Dielectric sensing by charging energy modulation in a nano-granular metal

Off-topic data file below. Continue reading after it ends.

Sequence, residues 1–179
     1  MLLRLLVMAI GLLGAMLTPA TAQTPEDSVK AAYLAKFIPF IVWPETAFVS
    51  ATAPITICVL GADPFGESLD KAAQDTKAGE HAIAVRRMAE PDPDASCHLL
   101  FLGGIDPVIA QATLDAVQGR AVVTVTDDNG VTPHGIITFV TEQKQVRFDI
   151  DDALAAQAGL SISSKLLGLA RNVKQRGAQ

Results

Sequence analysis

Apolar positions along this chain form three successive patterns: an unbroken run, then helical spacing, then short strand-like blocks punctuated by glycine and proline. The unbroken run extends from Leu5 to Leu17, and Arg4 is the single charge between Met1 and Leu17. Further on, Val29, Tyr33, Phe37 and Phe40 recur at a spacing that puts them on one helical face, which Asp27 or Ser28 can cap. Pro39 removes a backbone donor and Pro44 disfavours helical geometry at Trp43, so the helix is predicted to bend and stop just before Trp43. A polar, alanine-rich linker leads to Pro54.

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Several sensing concepts using nanostructures prepared by focused-electron-beam-induced deposition have been developed over the last years. Following work on highly miniaturized Hall sensors for magnetic sensing with soft magnetic Co, strain and force sensing based on nano-granular platinum–carbon structures (Pt(C)) was introduced. Very recently, the capability of nano-granular Pt(C) structures to detect the presence of adsorbate water layers by conductance modulations was demonstrated. For magnetic and strain sensing, the underlying physical mechanisms of the sensing effect have been analyzed in detail and are now quite well understood. This is not the case for the adsorbate layer-induced conductance modulation effect. Here, we provide a theoretical framework that allows for a semi-quantitative understanding of the observed water-sensing effect. We show how the near-interface renormalization of the Coulomb charging energy in the nano-granular metal caused by the dielectric screening of the polarizable adsorbate layer leads to a conductance modulation. The model can account for the conductance modulation observed in the water adsorbate experiments and can also be applied to understand similar effects caused by near-interface dielectric anomalies of ferroelectric thin films on top of nano-granular Pt(C). Our findings provide a pathway toward optimized nano-granular layer structures suitable for a wide range of dielectric or local potential sensing applications.